I am SO happy they did, I enjoyed this book. As much as I have read about QE1 and family, I only knew a little of Lady Jane Grey, and nothing of her sisters Katherine and Mary.

It wasn't until the chapter named Kitty & Mouse that I thought about their nicknames that way. I liked that.

I really loved the
Girl with her Head in a Book
Katherine Grey has been having a great few years lately - just a bit unfortunate that this comes nearly five hundred years after she had a fairly unhappy life. Given that previous to around 2011, the only reason Ladies Katherine and Mary Grey had really only clung on to the historical record as Lady Jane Grey's sisters, this is quite a weather change. Leanda De Lisle's book The Sisters Who Would Be Queen seems to have lit a spark that started a real old bonfire and so the forgotten Grey girls ar ...more
K.S. Marsden
Feb 20, 2015 rated it did not like it  ·  review of another edition
The young Grey sisters witness the unsettled English court from within. Their royal blood makes them targets for bigger plots.

I won this book in a Goodreads First Read competition a while back, and I do feel a little guilty that I've taken this long to review it.

This is a very grey book about the Grey sisters.
It opens with the execution of Lady Jane Grey - the Queen who succeeded Edward VI for all of 9 nines day before Mary I's supporters took the crown.

I'm afraid to say that this scene was the
Apr 03, 2014 rated it it was amazing
ARC received from NetGalley.

I started Sisters of Treason shortly after finishing the last book in alternative history trilogy by Laura Andersen. Where the latter novel portrays Mary Tudor as a self-described pious martyr of her faith and Elizabeth as practical and devoted to preserving the integrity of the crown, Fremantle's story casts them in a light more in tune to how they've been portrayed in fiction (Mary delusional and melancholy, Elizabeth cunning and not necessarily trusting of everybod
Cora Tea Party Princess
DNF at page 120 - I just couldn't settle in to this book.

Maybe it's the setting, as I'm more comfortable reading earlier history (Go, Matilda!). But then again, I like Elizabeth Moss/Victoria Lamb and that's the same time period. I'll likely try this one again in future.

I received a copy of this for free via Goodreads First Reads.
This was interesting. I like that it focuses on lesser known Tudor family members
The Grey sisters (Jane, Katherine, Mary) lived dangerous, tragic lives under the Tudor queens and Elizabeth Fremantle's fine novel brings their stories to life. A powerful and emotional read, it is impossible not to care for these young girls while also fearing the charismatic but in many ways monstrous queens. A fine successor to last year's The Queen's Gambit.

Feb 08, 2019 rated it it was amazing
The story of Lady Jane Grey, crowned Queen of England for 9 days following the death of Henry VIII's son, Edward, and prior to Mary Tudor's (often referred to as Bloody Mary) ascension to the throne is one of my favorite stories from this tumultuous time period. This story begins with the execution of 17-yr-old Jane Grey and continues with the lives of her two sisters, Lady Katherine Grey and Lady Mary Grey who both were ladies-in-waiting to Queen Mary Tudor and then Elizabeth I. An absolutely f ...more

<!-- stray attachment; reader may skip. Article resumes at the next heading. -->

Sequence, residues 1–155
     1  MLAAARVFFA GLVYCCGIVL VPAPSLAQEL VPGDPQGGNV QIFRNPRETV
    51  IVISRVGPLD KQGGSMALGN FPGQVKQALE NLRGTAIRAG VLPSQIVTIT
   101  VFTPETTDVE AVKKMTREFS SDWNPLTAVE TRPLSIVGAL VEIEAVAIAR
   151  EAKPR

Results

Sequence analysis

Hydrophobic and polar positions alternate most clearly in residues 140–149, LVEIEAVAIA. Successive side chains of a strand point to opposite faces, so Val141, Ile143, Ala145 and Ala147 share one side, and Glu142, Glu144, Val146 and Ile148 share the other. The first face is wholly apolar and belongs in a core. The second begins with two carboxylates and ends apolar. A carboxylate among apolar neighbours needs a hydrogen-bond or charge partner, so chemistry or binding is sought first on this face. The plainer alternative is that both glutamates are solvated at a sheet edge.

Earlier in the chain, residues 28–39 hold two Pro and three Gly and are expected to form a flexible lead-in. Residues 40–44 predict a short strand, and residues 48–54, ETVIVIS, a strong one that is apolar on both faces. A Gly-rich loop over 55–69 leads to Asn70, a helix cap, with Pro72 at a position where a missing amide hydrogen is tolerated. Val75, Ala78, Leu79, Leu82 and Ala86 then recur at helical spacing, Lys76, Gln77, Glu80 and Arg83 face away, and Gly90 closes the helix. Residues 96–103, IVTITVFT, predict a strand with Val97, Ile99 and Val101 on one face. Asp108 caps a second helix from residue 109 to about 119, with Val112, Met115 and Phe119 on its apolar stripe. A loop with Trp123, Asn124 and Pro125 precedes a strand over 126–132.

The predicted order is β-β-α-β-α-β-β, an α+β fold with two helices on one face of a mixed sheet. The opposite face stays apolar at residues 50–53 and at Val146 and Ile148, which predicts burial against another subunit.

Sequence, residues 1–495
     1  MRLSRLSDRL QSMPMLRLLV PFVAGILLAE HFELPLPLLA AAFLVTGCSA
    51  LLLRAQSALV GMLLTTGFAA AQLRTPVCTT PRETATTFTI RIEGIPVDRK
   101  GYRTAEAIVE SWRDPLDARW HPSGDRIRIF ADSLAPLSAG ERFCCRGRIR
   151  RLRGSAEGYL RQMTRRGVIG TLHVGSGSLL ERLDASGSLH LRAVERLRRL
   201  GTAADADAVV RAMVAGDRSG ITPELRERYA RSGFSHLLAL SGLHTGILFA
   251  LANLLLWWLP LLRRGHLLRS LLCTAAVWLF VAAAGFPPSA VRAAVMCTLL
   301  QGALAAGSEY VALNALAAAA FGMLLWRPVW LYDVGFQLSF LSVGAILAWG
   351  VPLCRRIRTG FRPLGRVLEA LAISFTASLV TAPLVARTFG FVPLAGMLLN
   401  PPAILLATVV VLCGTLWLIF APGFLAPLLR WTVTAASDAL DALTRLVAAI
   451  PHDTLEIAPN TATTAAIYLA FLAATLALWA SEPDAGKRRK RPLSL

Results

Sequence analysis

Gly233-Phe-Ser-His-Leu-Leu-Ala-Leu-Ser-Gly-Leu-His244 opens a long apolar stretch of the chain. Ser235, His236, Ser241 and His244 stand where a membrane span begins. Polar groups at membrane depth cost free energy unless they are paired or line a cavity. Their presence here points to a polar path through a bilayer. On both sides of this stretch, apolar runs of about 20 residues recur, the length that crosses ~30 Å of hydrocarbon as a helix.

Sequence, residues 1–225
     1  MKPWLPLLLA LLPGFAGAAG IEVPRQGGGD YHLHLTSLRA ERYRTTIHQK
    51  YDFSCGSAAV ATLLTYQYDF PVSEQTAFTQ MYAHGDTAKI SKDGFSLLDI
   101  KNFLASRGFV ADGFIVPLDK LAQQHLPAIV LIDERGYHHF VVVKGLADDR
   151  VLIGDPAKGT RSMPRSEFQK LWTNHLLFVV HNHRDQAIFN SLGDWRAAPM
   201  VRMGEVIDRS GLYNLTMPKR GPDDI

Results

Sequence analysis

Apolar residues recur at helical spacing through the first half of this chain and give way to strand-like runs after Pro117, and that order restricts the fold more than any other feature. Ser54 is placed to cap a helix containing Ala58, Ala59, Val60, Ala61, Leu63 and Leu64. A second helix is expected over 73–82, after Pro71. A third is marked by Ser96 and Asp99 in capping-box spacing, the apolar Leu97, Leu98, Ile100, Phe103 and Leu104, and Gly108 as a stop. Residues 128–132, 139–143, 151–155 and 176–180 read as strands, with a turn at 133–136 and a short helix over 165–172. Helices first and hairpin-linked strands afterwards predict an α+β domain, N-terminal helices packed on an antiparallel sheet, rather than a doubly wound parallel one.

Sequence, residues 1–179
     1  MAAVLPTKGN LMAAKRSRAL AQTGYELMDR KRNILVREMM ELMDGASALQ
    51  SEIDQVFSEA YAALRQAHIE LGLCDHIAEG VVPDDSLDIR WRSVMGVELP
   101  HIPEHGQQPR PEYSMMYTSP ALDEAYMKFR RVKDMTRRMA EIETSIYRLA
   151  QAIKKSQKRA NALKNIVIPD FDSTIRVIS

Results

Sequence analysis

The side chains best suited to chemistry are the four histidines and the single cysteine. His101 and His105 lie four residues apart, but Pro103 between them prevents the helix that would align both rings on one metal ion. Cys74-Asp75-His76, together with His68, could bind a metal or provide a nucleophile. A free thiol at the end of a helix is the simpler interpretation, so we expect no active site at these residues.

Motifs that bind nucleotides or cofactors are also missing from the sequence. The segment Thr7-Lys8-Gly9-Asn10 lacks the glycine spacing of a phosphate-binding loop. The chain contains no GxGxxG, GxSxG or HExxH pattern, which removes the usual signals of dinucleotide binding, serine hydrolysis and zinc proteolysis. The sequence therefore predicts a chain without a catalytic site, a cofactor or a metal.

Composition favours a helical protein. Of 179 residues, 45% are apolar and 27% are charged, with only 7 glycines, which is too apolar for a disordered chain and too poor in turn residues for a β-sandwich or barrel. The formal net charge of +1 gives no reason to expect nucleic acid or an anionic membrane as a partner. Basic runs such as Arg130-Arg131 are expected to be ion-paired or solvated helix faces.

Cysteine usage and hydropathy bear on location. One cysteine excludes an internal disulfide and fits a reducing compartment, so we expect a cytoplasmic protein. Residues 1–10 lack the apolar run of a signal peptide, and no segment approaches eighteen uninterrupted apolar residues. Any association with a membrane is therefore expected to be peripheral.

Colleen Turner
Find my full review at

Tudor history is one of those time periods that has been written about every possible way, with just about every person of note highlighted and nearly every corner unearthed to try and present the history in a new and interesting light. While I still can't get enough of the Tudors I do understand why many readers have all but banned them from their reading lists....there's just been such an over-saturation of the subject matter! So wha
Apr 26, 2015 rated it really liked it  ·  review of another edition
I really enjoyed this fictional account of the lives of Katherine and Mary Grey, younger sisters of Lady Jane Grey; the ill-fated nine day Queen. I tried to read Leanda de Lisle's "The Sisters Who Would Be Queen"--a non-fiction book of the Grey sisters--a few years back but unfortunately I just couldn't get into it for some reason. This novel however truly brought Mary and Katherine's stories to life for me, much in the same way that Alison Weir's "Innocent Traitor" did for Jane. I greatly enjoy ...more
Whitney (First Impressions Reviews)
Fond Of

The opening scene with Jane Grey at the block really caught my attention, holding me in suspense despite knowing the outcome and set a firm tone to the novel.

Like Queen's Gambit, Sisters of Treason was visually stunning and could clearly see the story that was playing out.

The Sisters in question were well built and instantly felt for them, I particularly liked Mary, she was the tortoise of the childhood fable that everyone just has to route for. Kathrine on the other hand is the hare, hu
Jul 18, 2014 rated it really liked it
Sisters of Treason by Elizabeth Freemantle is set in 16th century England during a time of political upheaval. At the heart of the story are three women, the sisters Mary and Catherine Grey, and painter Levina Teerlinc. Through their collective points of view, the story unfolds. The main story plot are the struggles of the two sisters to avoid court intrigue and politics. Still reeling after the beheading of their Sister, Lady Jane Grey, Catherine and Mary find themselves pulled into court intri ...more